“Instead of branding everything a Duke initiative, they said, ‘We don’t need to get credit in the traditional way, we don’t need to market this in the traditional way, we will reap the benefits, we will build the partnerships, but we don’t have to be the ones in front,’” Ehlenz said. “Duke said, ‘We’ll put these other organizations who are out in the community, who are doing the work, in front, put the community itself in front and we’ll be the support piece in the back,’ which I think was really smart and unusual in a lot of respects.”
Duke’s community engagement process led to the formalization of a university-community partnership at Duke: The Duke-Durham Neighborhood Partnership. The partnership was and remains the central hub for Duke’s neighborhood-focused efforts and consistently reevaluates their revitalization work.
Today, relationships between Duke and its surrounding neighborhoods are deeper with clearer communication lines. Ehlenz’s research found that neighborhoods now view Duke as a partner that supports their pursuits, and they believe Duke’s investments have changed the town-gown culture in meaningful ways.
“Duke’s story relies on citizen-led participation, partnership, and reflexive revitalization strategies that highlight the exemplary ways Duke administrators have elected to define their anchor roles,” Ehlenz said.
While, in theory, all anchor institution strategies are rooted in good intentions that may lead to positive neighborhood outcomes. It’s not that simple.
Universities that choose to invest in their neighborhoods may spur new development from the built environment perspective, but for a truly mutually beneficial anchor institution strategy Ehlenz cautions that you have to look at how it incorporates the people that live within the neighborhood.
“There is a lot of conversation about mutually beneficial investments in anchor institution strategies, that if the university does this, it improves the neighborhood, which in turn improves our situation,” Ehlenz said. “What I’ve found in other studies is that that's not always quite so true. It can be better for the market, so home values improve and strengthen, but gentrification can happen, and that’s not the same as being mutually beneficial to the local neighborhood.”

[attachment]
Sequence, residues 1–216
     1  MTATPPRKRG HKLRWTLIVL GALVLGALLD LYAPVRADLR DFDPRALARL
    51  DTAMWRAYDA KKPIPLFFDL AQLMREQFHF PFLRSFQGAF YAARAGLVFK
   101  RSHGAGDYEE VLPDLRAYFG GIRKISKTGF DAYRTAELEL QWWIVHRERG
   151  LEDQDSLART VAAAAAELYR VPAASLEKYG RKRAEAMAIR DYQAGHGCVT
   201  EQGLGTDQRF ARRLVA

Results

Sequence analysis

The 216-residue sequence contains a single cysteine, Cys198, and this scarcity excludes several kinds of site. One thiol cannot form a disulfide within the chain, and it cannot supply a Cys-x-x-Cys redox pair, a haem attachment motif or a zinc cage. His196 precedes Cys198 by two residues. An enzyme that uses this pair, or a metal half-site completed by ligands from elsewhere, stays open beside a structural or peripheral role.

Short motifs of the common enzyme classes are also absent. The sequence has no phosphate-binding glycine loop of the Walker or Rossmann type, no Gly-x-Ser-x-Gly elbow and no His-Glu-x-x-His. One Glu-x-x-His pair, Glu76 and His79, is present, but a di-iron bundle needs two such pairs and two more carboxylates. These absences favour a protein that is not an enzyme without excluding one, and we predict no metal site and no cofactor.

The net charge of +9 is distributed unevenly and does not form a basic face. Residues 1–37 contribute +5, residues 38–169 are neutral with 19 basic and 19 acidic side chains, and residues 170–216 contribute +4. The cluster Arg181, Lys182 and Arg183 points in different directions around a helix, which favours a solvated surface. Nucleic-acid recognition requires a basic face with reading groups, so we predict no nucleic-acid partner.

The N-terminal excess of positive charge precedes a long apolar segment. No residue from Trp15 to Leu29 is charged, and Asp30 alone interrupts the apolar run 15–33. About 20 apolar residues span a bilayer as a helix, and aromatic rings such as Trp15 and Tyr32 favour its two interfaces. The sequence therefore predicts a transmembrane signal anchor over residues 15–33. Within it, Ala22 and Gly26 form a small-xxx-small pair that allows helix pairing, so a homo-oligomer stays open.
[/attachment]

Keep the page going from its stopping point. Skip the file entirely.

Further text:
Gentrification has been rapidly shifting housing markets in Durham and has impacted households across the community — especially in the last few years.
However, Duke’s strategy to prioritize permanently affordable housing over market-rate development has helped preserve housing opportunities for some of the neighborhood’s lowest income residents amidst these changes. And, looking forward, Duke continues to convene and invest in much larger conversations about affordable housing production and preservation throughout Durham.
"Again that’s where Duke is a little different,” Ehlenz continued. “They made some choices that enabled them to better realize this idea that we’re going to be mutually beneficial for us, for Duke, and for our existing neighbors, not just the real estate market, not just for streetscaping.”
Ehlenz says that for other universities or anchor institutions interested in applying some of Duke’s strategies to their own situation, how they approach the community process at the strategy’s core is really important.
“If an anchor institution wants to have a mutually beneficial outcome, you have got to involve the community in real ways,” Ehlenz said. “It's painful, you have to go through that venting process where people are angry and just want to tell you how terrible you are but if you get through that, there are some really meaningful ways for anchor institutions to understand what a neighborhood needs.”
“There are partners out there, you can work with to achieve it, it’s not all on you, you can build the partnership and I think it’s been incredibly effective.”